As the head curator for content at Linux Foundation events, I work with over 500 speakers a year on technical talks. Universally the people chosen to speak at our events have amazing technical knowledge. They know their stuff. But the actual skill in speaking, delivering an engaging and hopefully entertaining talk to an audience, is sometimes harder to come by.
When embedded projects call for for a real-time operating system, Linux developers often turn to PREEMPT-RT, the real-time kernel patch, to get it done.
“The PREEMPT_RT patch (aka the -rt patch or RT patch) makes Linux into a real-time system,” said Steven Rostedt, a Linux kernel developer at Red Hat and maintainer of the stable version of the real-time Linux kernel patch.
The automotive industry is undergoing a major technological shift and Jaguar Land Rover is at the forefront.
The UK-based JLR has embraced Linux as the operating system underlying its next generation In-Vehicle
Infotainment (IVI) systems. The company has also taken a leadership role in advocating for open source
development within the automotive industry.
As we discovered last week, Linux pros don’t think Android is the new embedded Linux. Android does, however, have a lot of great uses in embedded projects and many features that even hard core embedded Linux developers can envy.
Is Android the new embedded Linux? Of course not, said Karim Yaghmour, OperSys founder, during the panel discussion on this topic at the Android Builders Summit last month in San Francisco. It was a question meant to spur discussion, he said, that’s all.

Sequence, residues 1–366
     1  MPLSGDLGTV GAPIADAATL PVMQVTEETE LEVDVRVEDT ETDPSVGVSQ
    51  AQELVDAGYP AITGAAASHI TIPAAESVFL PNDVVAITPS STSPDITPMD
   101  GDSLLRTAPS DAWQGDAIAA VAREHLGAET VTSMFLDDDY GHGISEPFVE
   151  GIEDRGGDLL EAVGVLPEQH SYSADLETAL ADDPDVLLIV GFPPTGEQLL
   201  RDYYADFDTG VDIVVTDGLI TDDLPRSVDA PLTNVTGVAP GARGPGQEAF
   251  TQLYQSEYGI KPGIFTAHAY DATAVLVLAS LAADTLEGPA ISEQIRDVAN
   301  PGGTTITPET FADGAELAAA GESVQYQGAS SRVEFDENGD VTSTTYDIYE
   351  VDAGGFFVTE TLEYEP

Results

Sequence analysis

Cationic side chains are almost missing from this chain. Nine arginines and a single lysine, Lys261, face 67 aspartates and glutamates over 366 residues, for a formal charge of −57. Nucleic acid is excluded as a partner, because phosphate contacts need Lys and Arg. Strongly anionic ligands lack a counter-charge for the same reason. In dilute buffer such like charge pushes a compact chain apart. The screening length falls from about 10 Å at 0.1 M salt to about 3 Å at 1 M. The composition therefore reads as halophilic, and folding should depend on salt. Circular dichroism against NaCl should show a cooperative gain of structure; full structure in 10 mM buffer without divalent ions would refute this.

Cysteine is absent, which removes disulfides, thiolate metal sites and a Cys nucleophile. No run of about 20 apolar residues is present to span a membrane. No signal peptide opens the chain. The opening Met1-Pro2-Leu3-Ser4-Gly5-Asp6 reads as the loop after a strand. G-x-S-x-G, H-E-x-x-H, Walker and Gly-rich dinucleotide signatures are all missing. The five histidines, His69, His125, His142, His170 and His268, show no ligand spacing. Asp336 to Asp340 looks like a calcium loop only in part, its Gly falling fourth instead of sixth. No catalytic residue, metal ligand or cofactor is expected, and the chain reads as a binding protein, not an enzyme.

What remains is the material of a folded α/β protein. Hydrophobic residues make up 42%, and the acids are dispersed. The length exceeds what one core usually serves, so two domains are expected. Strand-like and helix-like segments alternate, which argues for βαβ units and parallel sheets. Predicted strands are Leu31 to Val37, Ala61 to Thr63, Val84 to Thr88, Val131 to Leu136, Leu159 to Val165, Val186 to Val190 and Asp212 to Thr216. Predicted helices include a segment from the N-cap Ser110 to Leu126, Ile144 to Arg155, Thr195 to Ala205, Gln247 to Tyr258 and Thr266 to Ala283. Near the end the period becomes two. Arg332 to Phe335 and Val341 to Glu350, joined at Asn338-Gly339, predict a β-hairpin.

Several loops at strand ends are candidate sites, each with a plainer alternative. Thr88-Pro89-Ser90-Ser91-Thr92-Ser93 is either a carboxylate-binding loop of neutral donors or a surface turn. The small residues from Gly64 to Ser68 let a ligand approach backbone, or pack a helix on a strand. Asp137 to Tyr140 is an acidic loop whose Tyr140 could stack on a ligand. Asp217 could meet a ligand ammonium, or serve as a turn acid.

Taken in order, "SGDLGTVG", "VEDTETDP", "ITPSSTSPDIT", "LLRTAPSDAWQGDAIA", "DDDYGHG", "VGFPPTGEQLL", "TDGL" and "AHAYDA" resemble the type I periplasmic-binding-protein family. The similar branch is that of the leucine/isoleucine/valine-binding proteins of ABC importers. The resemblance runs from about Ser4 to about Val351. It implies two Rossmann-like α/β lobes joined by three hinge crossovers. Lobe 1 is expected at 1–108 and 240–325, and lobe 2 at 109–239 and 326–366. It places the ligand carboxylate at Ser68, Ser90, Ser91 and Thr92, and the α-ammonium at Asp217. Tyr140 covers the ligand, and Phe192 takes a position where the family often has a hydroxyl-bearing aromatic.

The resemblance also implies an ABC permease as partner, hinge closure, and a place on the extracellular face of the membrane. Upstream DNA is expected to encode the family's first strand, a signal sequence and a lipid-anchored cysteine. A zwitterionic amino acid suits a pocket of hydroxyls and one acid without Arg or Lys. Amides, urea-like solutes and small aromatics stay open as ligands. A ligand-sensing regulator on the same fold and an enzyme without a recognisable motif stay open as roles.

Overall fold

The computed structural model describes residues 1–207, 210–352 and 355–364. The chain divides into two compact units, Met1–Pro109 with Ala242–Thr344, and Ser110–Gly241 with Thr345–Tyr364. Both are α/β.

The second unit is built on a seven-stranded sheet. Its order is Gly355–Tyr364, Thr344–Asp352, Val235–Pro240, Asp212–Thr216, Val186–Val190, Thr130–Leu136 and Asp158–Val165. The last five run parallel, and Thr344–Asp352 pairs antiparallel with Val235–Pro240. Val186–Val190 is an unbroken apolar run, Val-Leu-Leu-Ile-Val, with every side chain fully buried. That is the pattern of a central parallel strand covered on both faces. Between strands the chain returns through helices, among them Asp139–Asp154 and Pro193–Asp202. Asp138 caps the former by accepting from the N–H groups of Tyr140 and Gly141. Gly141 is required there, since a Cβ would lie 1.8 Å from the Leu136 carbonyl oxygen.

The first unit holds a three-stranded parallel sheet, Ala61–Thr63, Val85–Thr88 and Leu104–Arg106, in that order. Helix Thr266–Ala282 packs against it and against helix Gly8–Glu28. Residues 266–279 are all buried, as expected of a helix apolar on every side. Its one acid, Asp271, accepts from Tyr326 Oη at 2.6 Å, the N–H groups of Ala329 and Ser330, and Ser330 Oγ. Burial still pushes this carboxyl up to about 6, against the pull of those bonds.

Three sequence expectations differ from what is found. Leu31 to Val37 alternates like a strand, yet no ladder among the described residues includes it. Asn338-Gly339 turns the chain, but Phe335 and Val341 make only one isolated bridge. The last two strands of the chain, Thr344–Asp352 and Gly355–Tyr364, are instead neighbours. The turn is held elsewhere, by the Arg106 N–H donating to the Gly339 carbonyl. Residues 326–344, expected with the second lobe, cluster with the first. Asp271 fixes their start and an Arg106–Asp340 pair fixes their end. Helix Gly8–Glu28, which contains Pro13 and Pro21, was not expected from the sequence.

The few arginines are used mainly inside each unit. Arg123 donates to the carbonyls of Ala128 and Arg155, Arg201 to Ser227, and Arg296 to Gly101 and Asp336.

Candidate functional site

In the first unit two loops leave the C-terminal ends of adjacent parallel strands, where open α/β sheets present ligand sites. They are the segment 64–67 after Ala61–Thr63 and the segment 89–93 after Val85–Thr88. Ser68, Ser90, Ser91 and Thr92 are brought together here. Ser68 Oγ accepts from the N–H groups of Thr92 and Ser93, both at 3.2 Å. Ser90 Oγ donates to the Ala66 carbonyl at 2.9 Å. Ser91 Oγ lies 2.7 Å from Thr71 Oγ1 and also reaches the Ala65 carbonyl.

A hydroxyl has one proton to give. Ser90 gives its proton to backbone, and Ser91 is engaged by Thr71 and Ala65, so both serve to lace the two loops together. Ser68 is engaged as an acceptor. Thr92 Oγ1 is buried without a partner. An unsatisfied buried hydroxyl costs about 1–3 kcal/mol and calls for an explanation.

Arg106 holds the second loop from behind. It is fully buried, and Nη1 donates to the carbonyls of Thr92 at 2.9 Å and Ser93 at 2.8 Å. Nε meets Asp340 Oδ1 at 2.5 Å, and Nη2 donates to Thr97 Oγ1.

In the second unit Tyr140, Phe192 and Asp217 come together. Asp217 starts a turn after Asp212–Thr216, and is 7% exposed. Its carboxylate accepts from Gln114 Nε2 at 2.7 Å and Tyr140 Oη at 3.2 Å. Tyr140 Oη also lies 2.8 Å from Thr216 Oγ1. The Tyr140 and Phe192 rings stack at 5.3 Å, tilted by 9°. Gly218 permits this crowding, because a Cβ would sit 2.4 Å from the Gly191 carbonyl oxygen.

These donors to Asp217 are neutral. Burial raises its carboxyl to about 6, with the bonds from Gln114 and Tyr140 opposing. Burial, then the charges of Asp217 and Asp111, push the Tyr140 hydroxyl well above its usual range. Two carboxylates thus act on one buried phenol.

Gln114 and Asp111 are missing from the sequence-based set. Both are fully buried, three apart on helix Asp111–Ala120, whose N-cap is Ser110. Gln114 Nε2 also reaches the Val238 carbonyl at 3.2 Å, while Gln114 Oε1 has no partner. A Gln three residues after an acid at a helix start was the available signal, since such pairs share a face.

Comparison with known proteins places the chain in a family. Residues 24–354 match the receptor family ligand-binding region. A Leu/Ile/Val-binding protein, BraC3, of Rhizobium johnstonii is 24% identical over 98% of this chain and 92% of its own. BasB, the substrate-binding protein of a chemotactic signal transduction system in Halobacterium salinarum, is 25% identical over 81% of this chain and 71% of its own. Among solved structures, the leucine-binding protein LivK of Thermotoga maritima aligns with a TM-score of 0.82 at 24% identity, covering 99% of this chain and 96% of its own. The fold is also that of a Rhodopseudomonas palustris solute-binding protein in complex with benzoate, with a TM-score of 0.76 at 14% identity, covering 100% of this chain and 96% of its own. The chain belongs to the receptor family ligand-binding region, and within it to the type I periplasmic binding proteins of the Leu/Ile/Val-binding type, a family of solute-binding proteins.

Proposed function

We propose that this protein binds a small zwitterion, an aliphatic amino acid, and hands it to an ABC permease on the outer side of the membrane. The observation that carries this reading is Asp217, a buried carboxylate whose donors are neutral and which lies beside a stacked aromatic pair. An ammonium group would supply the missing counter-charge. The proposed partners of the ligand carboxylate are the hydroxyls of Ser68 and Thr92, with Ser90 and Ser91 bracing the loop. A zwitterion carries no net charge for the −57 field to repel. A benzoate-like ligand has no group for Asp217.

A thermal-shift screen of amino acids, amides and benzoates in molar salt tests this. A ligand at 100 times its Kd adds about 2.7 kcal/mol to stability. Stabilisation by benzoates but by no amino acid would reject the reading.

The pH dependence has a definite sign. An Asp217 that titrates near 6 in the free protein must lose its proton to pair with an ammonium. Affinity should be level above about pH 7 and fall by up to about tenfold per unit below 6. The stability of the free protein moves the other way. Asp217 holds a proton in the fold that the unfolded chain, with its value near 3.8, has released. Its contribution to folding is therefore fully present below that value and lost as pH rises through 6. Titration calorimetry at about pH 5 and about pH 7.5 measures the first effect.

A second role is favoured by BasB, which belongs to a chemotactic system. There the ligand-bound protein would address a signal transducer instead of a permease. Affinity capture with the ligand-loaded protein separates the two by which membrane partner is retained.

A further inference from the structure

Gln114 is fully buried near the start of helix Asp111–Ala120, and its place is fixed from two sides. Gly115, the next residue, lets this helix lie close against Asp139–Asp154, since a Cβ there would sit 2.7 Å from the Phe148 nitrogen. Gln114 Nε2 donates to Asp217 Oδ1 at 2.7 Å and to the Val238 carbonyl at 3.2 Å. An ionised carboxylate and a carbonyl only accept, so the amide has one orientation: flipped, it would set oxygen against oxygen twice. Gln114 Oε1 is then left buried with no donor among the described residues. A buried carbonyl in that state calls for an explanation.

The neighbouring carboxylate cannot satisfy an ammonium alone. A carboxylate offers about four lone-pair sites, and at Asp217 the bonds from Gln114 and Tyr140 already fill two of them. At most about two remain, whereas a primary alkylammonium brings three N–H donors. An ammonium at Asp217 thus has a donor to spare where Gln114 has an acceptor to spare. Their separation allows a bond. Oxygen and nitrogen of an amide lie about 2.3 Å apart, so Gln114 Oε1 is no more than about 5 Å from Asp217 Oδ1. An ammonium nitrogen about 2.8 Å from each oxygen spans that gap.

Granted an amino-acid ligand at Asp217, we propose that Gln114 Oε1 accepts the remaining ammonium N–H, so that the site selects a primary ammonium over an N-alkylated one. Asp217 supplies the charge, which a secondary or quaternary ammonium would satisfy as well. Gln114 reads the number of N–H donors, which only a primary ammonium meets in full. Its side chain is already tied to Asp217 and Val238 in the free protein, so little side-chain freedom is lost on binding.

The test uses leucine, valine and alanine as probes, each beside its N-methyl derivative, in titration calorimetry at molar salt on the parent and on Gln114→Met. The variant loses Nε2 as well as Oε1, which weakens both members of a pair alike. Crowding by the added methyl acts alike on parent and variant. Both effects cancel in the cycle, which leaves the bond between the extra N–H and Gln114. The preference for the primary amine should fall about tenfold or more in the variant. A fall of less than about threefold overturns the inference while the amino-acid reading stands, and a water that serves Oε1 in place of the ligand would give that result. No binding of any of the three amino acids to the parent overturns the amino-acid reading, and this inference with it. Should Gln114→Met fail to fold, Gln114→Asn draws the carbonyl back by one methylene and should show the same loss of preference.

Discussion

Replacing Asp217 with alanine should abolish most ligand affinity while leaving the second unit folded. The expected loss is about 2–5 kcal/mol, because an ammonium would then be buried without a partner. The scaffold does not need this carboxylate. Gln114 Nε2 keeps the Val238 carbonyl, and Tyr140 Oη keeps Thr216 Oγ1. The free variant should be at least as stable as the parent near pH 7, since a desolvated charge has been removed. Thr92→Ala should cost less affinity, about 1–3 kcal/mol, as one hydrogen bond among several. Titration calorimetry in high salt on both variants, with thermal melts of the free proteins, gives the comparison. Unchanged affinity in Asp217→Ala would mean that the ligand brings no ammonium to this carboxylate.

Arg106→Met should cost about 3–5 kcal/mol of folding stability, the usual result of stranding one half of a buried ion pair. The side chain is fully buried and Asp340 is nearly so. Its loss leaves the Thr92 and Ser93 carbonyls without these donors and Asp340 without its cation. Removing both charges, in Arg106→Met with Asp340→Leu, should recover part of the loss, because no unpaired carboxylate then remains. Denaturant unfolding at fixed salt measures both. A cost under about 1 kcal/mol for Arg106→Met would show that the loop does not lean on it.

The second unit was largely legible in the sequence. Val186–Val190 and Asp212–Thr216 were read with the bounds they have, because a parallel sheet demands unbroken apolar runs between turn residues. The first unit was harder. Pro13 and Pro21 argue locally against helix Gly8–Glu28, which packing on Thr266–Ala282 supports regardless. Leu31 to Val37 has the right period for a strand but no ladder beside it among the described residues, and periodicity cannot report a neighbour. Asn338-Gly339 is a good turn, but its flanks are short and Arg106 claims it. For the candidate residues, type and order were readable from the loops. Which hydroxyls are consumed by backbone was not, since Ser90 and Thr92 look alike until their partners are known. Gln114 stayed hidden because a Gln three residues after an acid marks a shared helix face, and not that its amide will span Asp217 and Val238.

Though Mandriva has been a popular Linux desktop distribution for many years, the company early last year found itself in a tough spot financially. Since then, Mandriva has undergone some major changes, adopting a new enterprise focus and creating an independent nonprofit foundation to carry on the Mandriva open source community work.
Embedded developer Bjarne Rosengren has never been to the Southern United States. But he’s got a better idea of the fun that lies ahead at LinuxCon in New Orleans this September – and the chance to go -- thanks to Tux.
I said this last week on Google+ when I was at a conference, and
needed to get it out there quickly, but as I keep getting emails and
other queries about this, I might as make it "official" here. For no
other reason that it provides a single place for me to point people at.